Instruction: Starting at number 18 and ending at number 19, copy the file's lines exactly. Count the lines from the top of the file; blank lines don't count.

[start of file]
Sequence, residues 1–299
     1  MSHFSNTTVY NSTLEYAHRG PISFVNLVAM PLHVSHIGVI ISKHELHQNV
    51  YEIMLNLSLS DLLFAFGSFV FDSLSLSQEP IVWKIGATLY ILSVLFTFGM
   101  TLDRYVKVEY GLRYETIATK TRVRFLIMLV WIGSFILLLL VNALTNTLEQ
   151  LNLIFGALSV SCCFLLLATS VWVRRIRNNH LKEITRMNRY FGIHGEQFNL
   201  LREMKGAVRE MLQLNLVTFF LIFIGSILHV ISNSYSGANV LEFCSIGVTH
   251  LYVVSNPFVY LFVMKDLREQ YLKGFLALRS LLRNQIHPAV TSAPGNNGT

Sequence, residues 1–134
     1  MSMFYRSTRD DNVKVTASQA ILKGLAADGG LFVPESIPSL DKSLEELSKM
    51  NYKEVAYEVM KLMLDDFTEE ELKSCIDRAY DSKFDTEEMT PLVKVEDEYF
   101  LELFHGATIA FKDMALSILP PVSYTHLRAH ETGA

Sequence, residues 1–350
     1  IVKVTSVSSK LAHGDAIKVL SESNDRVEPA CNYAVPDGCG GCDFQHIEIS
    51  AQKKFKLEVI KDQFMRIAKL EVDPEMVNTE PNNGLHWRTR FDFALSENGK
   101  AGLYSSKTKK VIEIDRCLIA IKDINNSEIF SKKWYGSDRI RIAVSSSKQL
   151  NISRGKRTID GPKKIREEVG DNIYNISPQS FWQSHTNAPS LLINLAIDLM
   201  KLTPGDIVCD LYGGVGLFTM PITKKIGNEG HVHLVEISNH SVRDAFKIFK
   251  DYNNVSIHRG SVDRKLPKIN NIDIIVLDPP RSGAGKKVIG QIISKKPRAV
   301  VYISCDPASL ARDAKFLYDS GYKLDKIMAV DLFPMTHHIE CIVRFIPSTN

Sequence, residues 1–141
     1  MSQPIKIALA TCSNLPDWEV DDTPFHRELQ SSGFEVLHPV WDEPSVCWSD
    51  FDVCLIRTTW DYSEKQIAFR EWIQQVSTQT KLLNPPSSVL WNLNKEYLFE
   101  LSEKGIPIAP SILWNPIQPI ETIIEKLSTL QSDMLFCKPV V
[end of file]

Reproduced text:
   251  DYNNVSIHRG SVDRKLPKIN NIDIIVLDPP RSGAGKKVIG QIISKKPRAV
   301  VYISCDPASL ARDAKFLYDS GYKLDKIMAV DLFPMTHHIE CIVRFIPSTN